"Discourage litigation. Persuade your neighbors to compromise whenever you can. Point out to them how the nominal winner is often a real loser—in fees, expenses, and waste of time. As a peace-maker the lawyer has a superior opportunity of being a good man. There will still be business enough...." —Abraham Lincoln (1, 2)
Abraham Lincoln was right to recommend compromise and peace making as the best ways to end a dispute. Mediation does just that -- it helps participants in a dispute to constructively explore ways to reach an agreement. It is useful for many kinds of disputes including divorce, child custody, and other family matters and for real estate, probate, and civil disputes. The benefits of mediation include:
Mediation is more flexible, less expensive, and faster than the court system
Participants choose the timing and ground rules of mediation
Participants discover their true "bottom line" -- what is really important and what is not
Participants make the final decision, not the court
Agreements tend to be longer lasting and more acceptable to participants
Mediation helps preserve relationships and can be easier on children
What happens during a mediation session?
In a mediation session, the participants will work with Chuck, a trained mediator, to negotiate an agreement. Participants may meet "caucus style", which means they are in separate rooms and Chuck travels between the rooms, or they may meet "joint style" where all parties are in one room and communicate directly. Chuck can use three methods of mediation depending on the wishes of the participants and the type of dispute:
Regular mediation: Participants and the mediator work together to explore ways to reach agreement. The mediator participates actively in the process, providing his or her opinions, recommendations, and evaluations. Participants may attend with or without their attorney.
Facilitated settlement: Participants work with each other to settle their disputes. A facilitator sets guidelines for the session and helps the parties communicate, but the facilitator does not provide opinions, evaluations, or recommendations. Attorneys usually attend with the participants.
Arbitration: Participants submit their disagreement to an arbitrator. The arbitrator makes a ruling in the dispute that is binding and final. Attorneys usually attend with the participants.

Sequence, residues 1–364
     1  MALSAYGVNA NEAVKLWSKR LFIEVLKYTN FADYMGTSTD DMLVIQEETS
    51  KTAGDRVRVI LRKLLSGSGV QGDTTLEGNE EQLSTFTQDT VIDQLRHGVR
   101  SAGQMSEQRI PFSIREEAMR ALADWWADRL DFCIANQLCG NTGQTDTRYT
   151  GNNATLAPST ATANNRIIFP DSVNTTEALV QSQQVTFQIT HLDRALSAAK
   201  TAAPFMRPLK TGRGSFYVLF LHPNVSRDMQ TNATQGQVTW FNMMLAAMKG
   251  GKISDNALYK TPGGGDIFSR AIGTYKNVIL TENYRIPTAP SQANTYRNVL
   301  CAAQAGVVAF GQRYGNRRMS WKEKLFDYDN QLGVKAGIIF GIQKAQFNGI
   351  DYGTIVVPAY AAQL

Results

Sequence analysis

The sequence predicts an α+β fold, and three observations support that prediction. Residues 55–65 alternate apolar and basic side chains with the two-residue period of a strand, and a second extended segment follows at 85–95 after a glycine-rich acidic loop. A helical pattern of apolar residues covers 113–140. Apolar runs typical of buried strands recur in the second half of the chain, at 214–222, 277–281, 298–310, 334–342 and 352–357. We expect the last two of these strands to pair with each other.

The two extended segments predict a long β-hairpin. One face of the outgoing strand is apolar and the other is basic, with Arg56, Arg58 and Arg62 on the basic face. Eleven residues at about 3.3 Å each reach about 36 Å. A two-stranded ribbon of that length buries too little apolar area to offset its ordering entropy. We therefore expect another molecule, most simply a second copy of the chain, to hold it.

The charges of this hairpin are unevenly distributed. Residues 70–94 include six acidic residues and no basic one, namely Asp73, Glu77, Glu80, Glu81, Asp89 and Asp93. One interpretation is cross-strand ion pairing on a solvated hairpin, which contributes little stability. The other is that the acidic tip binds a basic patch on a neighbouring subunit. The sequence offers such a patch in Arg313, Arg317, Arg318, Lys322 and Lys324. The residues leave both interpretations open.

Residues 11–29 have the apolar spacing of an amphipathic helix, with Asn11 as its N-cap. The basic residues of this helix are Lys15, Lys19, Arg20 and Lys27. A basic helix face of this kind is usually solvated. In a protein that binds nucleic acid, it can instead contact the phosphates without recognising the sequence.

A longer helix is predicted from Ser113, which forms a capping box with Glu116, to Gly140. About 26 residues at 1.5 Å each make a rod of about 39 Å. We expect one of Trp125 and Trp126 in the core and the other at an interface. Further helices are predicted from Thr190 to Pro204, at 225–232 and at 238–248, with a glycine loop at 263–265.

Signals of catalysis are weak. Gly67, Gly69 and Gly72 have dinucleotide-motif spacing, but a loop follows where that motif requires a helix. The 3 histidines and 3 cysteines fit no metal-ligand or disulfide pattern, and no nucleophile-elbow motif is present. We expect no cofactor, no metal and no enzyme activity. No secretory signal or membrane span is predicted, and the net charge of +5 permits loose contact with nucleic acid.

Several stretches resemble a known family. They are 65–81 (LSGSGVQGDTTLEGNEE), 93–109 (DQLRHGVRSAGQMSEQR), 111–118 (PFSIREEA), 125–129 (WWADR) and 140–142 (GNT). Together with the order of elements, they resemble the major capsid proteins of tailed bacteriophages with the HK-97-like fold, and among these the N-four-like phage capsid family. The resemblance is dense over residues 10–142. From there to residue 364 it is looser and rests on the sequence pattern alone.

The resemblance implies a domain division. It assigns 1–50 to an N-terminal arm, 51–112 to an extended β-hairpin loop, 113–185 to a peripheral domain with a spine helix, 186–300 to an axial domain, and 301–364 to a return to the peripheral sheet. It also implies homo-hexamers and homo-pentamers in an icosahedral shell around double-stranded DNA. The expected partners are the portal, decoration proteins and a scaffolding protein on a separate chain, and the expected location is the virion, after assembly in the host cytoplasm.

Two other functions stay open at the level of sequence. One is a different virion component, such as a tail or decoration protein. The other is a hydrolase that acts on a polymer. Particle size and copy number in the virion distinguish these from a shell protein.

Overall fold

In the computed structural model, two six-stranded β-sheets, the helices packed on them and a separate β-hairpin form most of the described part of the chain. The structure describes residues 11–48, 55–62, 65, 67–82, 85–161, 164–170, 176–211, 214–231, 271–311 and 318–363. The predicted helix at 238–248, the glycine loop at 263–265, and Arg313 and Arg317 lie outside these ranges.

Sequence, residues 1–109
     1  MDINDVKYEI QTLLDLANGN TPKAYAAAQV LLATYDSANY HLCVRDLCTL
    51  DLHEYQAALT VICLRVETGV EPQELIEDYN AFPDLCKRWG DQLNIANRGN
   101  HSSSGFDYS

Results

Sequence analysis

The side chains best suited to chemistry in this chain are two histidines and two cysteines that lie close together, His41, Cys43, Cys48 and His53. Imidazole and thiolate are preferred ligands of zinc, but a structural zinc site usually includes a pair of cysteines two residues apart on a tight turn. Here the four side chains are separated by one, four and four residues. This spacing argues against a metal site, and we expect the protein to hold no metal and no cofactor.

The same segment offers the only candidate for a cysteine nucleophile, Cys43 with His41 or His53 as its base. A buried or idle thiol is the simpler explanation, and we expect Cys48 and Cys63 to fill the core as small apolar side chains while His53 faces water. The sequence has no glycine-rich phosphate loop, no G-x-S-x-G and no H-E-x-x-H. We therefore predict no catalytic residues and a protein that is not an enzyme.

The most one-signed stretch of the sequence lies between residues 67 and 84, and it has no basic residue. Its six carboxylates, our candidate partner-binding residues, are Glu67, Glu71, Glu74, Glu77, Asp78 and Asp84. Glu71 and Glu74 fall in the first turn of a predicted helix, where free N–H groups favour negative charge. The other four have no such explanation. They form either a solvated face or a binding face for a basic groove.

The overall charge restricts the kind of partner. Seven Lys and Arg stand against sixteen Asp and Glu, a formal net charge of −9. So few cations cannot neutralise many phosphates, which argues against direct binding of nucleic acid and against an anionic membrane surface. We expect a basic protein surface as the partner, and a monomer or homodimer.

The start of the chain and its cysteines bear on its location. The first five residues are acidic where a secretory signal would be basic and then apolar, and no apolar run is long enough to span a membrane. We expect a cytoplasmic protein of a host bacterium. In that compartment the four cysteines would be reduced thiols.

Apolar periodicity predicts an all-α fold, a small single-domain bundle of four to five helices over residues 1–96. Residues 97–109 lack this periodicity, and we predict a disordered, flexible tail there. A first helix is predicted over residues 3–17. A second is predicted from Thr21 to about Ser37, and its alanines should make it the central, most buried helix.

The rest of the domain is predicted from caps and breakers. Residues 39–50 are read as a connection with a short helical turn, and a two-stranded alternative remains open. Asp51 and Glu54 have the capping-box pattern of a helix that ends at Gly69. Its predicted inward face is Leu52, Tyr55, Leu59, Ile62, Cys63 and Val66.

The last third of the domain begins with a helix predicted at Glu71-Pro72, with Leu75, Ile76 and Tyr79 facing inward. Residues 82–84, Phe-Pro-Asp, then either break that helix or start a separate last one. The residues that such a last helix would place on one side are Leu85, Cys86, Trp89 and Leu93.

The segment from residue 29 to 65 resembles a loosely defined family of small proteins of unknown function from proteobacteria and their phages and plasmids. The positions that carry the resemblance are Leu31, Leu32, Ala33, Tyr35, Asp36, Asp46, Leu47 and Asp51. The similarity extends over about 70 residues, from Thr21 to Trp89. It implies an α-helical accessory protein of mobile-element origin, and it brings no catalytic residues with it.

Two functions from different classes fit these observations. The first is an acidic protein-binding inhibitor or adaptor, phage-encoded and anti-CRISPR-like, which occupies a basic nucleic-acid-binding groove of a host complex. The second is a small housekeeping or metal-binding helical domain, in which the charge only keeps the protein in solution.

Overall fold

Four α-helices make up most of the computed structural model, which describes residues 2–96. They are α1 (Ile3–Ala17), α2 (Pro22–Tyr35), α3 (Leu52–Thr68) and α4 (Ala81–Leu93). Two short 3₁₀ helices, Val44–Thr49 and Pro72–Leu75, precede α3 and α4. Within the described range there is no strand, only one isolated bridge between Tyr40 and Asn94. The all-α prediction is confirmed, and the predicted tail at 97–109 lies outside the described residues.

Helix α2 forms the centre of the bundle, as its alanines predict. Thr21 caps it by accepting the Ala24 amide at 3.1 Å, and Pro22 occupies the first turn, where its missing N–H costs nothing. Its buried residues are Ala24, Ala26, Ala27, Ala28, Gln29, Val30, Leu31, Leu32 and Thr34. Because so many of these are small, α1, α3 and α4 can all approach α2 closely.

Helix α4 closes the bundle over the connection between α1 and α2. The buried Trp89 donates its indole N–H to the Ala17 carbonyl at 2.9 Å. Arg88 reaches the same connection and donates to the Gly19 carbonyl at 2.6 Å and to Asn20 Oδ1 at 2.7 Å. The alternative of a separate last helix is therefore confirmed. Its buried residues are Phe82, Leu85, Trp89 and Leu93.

What does the mediator do?
In his role as mediator, Chuck provides guidance and structure; creates an encouraging, non-adversarial atmosphere; and helps participants identify key needs and realistic goals. He will actively work with all participants to reach agreement, but he will remain neutral and impartial.
How do I set up an appointment for mediation?
If you are working with an attorney, your attorney will set up the mediation session.
If you are not working with an attorney and wish to contact us directly for a mediation session, please contact the other party or parties first to see what dates and times would work for a joint appointment. Get a helpful worksheet.... With this information in hand, please call our office to schedule an appointment. Ask the other party to also call our office to confirm that you have their authorization to set up the mediation session.
How long does a mediation session take?
A mediation session will last a minimum of two hours. At the beginning of the first session, Chuck will explain the mediation process and learn about the issues you want to resolve. The rest of the time will be spent on the mediation itself.
Often a single session of several hours to a day is all that is needed, but sometimes one or more follow-up sessions are helpful. If you need more time, you can go longer than your scheduled time if there are no appointments after yours, or you can schedule a follow-up session.
What does a mediation session cost?
The cost is divided equally between the parties. The first two hours of mediation cost $x per person (a total of $x for the two hours). After the first two hours, the cost per hour is $x per person (a total of $x per hour).
Your first mediation session must be paid for at least three business days before your appointment. The cost for any additional time must be paid in full at the end of each session.
How can I cancel an appointment?
If you or the other party must cancel an appointment, do so at least 48 hours before the appointment, or you will both forfeit your part of the mediation fee.
How should I prepare for mediation?
After making an appointment, we will send a letter confirming your appointment to you and your attorney. Fill out the Personal Information Form. Mail this form and your payment for your half of the mediation cost to our office. The form and payment must arrive least three business days before your appointment.
Collect any legal pleadings, calculations, prior agreements, drawings, photographs, appraisals, and other evidence that will help to explain or support your position. Bring this information to the mediation session.
If the mediation is about child custody issues, learn the specific legal definitions of joint custody, joint physical care, legal custody, physical care, post-secondary education, and child support.
Should my attorney attend with me?
It is not necessary to bring your attorney for a regular mediation session, but an attorney may be required for a facilitated settlement or arbitration. If you want your attorney to attend, please contact your attorney for guidance and please let us know.
Can I bring other people to the mediation session?
Please do not bring family members, friends, children, or other people not specifically involved in the mediation. If you do want someone other than your attorney to attend a mediation session, please discuss this with us before the mediation session.